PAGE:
i am

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harlem, usa
same-gender-loving contemporary descendant of enslaved africans. community activist, feminist, health educator, independent filmmaker, mentor, playwright, poet & spiritual being. featured at, in & on africana.com, afrikan poetry theatre, angel herald, bejata dot com, bet tonight with tavis smiley, blacklight online, black noir, brooklyn moon cafe, gmhc's barbershop, klmo-fm, lgbt community services center, longmoor productions, nuyorican poets cafe, our corner, poz, pulse, rolling out new york, rush arts gallery, saint veronica's church, schomburg center for research in black culture, sexplorations, the citizen, the new york times, the soundz bar, the trenton times, the village voice, upn news, uzuri, venus, vibe, wbai-fm, wnyc-fm & wqht-fm. volunteered with adodi, bailey house, inc., black men's xchange-new york, colorofchange.org, drug policy alliance, east harlem tutorial program, imagenation film & music festival, presente.org, save darfur coalition, the enough project, the osborne association, the sledge group & your black world. worked on films with maurice jamal & heather murphy. writing student of phil bertelsen & ed bullins. mjt975@msn.com.

Thursday, December 26, 2013

Macy's faces another discrimination lawsuit

in a discrimination lawsuit filed on friday, an african-american shopper said macy's security personnel stopped him after he bought a $2,400 louis vuitton bag and an alarm went off as he tried to exit the store.

club promoter halim sharif said he was detained, and his bag was searched. yet a half-dozen white customers left the store - at the same time - without being detained or searched. sharif said those very same customers also set off alarms at the macy's flagship store's west 34th street exit.

the incident happened april 19, 2013. sharif said he was the only person stopped. he said he has cellphone audio and video to prove his claim. he told the new york times, "it was as clear as black and white. there was no gray area. i saw people exit before me and after me, and none of them looked like me. they lacked pigmentation."

the 37 year-old promoter, who indicated he's suing macy's for unspecified damages, said he decided to speak up after reading accounts of four alleged instances of racial profiling at macy's, and another retailer: privately owned barney's new york. 

brooklyn resident kayla phillips, who alleged she was racially profiled at barney's in february, also filed a discrimination lawsuit on friday in brooklyn supreme court, according to the daily news. macy's, through a representative, said the company was looking into sharif's allegation, but would have no comment due to pending litigation.

according to the representative, "macy's has a zero tolerance for discrimination of any kind. if macy's policies have not been upheld, we will take swift and immediate action." both stores named in the lawsuits said new york city police department officers were the culprits in earlier incidents targeting black shoppers, including phillips, rob brown, trayon christian and art palmer. the nypd said its officers were merely acting on information provided by store employees.

macy's joined several retailers whom signed a customer 'bill of rights' earlier this month. civil rights leaders, including rev. al sharpton, met with retailer representatives to draft the document, which is to be posted on participating department store websites. other signatories include barney's new york, macy's-owned bloomingdale's, and hudson's bay company subsidiaries lord & taylor, and saks fifth avenue.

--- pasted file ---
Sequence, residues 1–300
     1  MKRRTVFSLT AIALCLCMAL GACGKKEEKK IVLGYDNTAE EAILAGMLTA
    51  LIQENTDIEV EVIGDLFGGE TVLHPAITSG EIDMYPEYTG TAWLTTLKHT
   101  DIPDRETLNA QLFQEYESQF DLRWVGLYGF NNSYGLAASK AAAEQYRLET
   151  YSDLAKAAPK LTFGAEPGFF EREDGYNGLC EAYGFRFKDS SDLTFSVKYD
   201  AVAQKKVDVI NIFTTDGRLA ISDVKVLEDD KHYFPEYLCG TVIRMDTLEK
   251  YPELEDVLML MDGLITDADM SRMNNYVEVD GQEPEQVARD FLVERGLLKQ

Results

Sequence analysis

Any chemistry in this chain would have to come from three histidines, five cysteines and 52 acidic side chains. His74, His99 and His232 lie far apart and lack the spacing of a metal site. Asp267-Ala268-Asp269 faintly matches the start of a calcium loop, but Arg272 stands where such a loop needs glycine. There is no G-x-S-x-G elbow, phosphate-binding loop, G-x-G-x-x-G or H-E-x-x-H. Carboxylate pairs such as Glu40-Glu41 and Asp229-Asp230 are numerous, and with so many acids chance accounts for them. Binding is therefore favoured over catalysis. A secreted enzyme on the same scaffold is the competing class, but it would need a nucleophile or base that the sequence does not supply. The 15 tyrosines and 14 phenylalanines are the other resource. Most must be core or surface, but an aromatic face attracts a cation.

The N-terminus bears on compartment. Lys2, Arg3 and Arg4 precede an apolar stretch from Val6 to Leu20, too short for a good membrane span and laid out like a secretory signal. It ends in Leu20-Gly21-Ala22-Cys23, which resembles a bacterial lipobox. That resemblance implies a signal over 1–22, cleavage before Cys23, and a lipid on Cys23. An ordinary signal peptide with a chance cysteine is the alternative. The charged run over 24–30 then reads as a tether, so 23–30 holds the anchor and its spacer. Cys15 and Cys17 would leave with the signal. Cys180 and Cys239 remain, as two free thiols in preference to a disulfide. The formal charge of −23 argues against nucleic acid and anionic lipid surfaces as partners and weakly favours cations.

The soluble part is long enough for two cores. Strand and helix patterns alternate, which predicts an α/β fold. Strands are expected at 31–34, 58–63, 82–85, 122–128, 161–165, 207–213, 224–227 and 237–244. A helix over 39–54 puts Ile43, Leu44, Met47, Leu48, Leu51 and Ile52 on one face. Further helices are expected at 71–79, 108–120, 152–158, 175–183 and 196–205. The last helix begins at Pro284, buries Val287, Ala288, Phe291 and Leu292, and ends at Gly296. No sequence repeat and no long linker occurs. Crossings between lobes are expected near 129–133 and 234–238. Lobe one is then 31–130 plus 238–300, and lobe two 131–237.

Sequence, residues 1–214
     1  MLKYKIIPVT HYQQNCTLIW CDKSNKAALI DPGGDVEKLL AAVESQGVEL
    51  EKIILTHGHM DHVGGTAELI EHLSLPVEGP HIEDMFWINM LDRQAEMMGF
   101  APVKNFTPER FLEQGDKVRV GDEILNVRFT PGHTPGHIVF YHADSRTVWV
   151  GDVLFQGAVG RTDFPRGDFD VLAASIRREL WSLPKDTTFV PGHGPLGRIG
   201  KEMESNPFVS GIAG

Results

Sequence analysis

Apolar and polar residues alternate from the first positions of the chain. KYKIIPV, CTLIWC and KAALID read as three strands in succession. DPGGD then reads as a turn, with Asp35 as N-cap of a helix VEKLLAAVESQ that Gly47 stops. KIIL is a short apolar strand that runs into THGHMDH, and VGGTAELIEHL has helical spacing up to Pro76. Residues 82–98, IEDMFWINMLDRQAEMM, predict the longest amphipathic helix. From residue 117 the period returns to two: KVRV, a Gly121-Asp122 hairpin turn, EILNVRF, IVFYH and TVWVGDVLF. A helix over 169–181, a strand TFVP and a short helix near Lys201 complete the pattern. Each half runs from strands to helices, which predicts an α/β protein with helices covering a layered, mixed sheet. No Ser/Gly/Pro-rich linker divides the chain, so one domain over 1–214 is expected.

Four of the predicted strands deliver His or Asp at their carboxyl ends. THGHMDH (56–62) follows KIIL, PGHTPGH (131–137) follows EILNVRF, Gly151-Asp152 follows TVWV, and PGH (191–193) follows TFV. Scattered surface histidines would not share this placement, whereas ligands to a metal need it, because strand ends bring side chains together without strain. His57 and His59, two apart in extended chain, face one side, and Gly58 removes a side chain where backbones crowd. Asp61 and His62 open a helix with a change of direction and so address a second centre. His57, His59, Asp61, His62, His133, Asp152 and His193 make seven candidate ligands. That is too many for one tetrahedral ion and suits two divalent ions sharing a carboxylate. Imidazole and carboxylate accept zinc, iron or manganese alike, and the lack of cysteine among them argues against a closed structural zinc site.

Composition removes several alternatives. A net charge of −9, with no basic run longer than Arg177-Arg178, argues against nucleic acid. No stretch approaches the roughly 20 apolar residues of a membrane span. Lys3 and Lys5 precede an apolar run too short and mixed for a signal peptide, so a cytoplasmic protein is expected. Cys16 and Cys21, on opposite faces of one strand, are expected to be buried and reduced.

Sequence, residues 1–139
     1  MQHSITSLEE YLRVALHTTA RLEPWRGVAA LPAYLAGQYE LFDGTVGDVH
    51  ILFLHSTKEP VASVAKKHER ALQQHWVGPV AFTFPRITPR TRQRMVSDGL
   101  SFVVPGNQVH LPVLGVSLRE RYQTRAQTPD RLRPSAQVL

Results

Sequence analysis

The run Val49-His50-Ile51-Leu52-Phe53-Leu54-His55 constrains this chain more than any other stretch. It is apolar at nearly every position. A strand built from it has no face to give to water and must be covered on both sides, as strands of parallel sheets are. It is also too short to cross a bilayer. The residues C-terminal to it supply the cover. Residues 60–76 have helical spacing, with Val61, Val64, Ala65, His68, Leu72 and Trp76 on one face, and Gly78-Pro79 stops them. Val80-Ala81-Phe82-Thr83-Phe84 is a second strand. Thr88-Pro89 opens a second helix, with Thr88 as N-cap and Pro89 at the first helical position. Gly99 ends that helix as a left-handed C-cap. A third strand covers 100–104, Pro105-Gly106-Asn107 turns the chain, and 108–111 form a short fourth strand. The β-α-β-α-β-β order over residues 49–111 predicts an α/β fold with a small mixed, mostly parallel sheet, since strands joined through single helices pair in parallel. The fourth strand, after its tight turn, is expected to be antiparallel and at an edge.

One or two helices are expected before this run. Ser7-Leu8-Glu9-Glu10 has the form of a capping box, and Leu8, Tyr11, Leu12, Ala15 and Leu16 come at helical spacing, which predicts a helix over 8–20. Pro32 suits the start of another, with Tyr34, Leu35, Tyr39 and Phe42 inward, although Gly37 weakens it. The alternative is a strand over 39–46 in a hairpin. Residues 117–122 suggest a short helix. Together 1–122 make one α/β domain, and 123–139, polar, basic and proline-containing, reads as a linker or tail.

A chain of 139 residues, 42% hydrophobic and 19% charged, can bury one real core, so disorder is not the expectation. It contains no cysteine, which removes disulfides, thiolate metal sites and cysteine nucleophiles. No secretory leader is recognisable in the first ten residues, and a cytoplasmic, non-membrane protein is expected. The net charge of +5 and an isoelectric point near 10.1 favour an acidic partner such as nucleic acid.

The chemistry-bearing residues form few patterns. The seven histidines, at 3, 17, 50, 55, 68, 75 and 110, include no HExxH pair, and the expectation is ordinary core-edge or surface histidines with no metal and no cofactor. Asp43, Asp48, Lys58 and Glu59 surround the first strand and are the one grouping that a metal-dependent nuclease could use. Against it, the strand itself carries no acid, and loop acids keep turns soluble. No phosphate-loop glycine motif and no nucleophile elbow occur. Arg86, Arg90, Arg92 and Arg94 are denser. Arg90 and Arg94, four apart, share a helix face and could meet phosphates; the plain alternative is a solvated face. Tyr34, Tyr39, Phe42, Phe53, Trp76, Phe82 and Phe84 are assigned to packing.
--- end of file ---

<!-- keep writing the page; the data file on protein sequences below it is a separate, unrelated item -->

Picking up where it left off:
Wednesday, December 25, 2013

NYC Mayor-elect De Blasio's daughter reveals substance use issues

chiara de blasio, daughter of new york city mayor-elect bill de blasio, released a five-minute video detailing her struggles with anxiety, depression, alcohol and marijuana. the free-spirited 19 year-old spoke openly about her personal struggles with courage, grace and humility.

a college sophomore who played a central role in her father's successful campaign, chiara de blasio was candid about her painful past. she said, "it made it easier, the more i drank and did drugs, to share some common ground with people. it didn't start out as, like, a huge thing for me, but then it became a really huge thing from me."

de blasio said she thought she could leave the problem behind when she went to college in california, only to realize her "physical insecurity" got worse. she said, "my mom was trying really hard to help me and my dad was really busy. they were both very emotionally committed to trying to find out some way to get me better."

she said she eventually found success in group therapy at a treatment center in new york. de blasio said, "removing substances from my life opened so many doors for me. i was actually able to participate in my dad's campaign. getting sober is always a positive thing, and by no means is it easy - it's the hardest thing i've ever done - but it's so worth it." 

in a statement accompanying the video, bill de blasio and his wife, chirlane mccray, said they were "so proud of chiara and love her deeply." they said, "as parents, our instinct has been to protect our daughter and privately help her through a deeply personal struggle. but not only has chiara committed to own her health, she is also committed to helping young people everywhere who face similar challenges."

the campaign did not say what prompted it to release the video on christmas eve, a day when many news consumers are more concerned with family, money, shopping or traveling - instead of current events. but the announcement was framed in a way to help other families who struggle with depression and substance use during the holiday season.